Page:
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White Thinking Hat Fast Food: Overview

According to the Minnesota Attorney General’s Office guide “Fast Food Facts”, fast food is popular because it is convenient, predictable, and fast (MAG, 2008). In the United States, fast foods outlets increased from about 30, 000 in 1970 to 140, 000 in 1980, and fast food sales increased by about 300% during the same period. Recent estimates show that in 2001, there were about 222, 000 fast-food locations in the United States, generating sales of more than $125 billion (Paeratakul et al, 2003). Currently, it is estimated that there are more than 300,000 fast food restaurants in the U.S. (MAG, 2008). One fourth of all Americans eat in a fast food restaurant on a typical day (Welln, 1995). Fast food has become a part of the busy lifestyle not only in America but all over the world. Asians are emerging as the world’s greatest fast food fans with Filipinos, Taiwanese and Malaysians leading the Americans, while two thirds of HongKongers frequent a take away outlet at least once a week (ACNielsen OnlineConsumer Survey, 2004).

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Between 40 to 55 percent of the calories come in fast food meals come from saturated fats which raises blood cholesterol levels (Welln, 1995). Nutrition experts point out fast food is often high in calories, sodium, fat and cholesterol (Spano and Lipsman, 2004). One of the major health hazards of consuming high fat foods is that it increases the risk for coronary heart disease and stroke by increasing blood cholesterol levels. People who consume fast foods rich in fat are also at high risk for cancers of the breast and colon.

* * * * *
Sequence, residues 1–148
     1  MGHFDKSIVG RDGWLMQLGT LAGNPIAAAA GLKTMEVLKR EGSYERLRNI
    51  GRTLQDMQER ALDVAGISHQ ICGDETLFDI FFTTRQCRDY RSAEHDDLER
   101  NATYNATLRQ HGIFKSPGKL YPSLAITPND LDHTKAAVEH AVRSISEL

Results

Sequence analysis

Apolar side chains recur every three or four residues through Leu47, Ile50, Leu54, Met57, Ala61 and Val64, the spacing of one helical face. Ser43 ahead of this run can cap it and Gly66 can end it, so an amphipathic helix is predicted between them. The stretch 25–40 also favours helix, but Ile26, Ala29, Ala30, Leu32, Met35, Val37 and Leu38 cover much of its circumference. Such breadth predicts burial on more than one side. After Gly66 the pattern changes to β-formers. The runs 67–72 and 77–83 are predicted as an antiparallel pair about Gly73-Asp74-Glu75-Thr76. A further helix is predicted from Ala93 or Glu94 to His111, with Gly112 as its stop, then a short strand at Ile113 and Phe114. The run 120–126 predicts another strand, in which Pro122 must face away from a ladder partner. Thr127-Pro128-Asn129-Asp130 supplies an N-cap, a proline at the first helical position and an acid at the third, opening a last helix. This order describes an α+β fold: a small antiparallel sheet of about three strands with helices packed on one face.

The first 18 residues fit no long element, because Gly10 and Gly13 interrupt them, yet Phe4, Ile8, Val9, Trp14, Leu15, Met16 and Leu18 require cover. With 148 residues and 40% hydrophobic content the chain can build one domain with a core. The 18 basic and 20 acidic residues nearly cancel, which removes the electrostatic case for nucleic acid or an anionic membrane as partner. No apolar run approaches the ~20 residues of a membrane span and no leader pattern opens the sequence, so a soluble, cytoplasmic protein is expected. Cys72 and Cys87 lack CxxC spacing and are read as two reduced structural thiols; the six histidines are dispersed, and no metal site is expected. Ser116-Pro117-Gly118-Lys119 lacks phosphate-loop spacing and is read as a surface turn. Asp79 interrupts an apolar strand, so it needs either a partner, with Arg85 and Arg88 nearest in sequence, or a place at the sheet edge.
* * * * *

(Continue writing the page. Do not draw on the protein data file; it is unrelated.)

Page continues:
According to a new poll (2003), three quarters of U.S. adults are aware that fast food is not good for them and this attitude is fairly uniform across different gender, age and other demographic groups (Gallup, 2003). Gallup Polls show that nearly all Americans indulge in fast food consumption at least once in a while and men are more likely than women to eat fast food on a frequent basis and younger adults are more likely to do so than older Americans (2003). A fast food mean consisting of one burger, quarter pound cheeseburger, large fries and 16 oz. soda (McDonald’s) contains about 2000-2700 calories with 51 g fat, 95 g cholesterol, and 1450 g. sodium (MAG, 2008). Pizza, sausages, fried chicken, biscuits, mashed potatoes and gravy, corn on the cob are other popular fast food items. Fast-food chains have noticed that consumers are more health-conscious, and as a result many chains are adding healthier choices to their menus such as Arby’s Light Roast Chicken Sandwich 276 calories and Burger King’s Chunky Chicken Salad 142 calories (MAG, 2008).


ACNielsen Online Consumer Survey, 2004.

Gallup, Horace George (2003). The Gallup Poll. Rowman and Littlefield publishers.

Office of the Minnessota Attorney General (MAG) (2008). Fast Food Facts. Web.

Paeratakul, S.; Ferdinand, D.; Champagne, C. Ryan, D. and Bray, G. (2003). Fast food consumption and dietary intake profiles – Fast Food. Nutrition Research Newsletter. Web.

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Spano, J. Andrew and Lipsman, Joshua (2004). Life in the Fast Lane – Nutrition & Fast Food. Nutritional Nuggets. Web.

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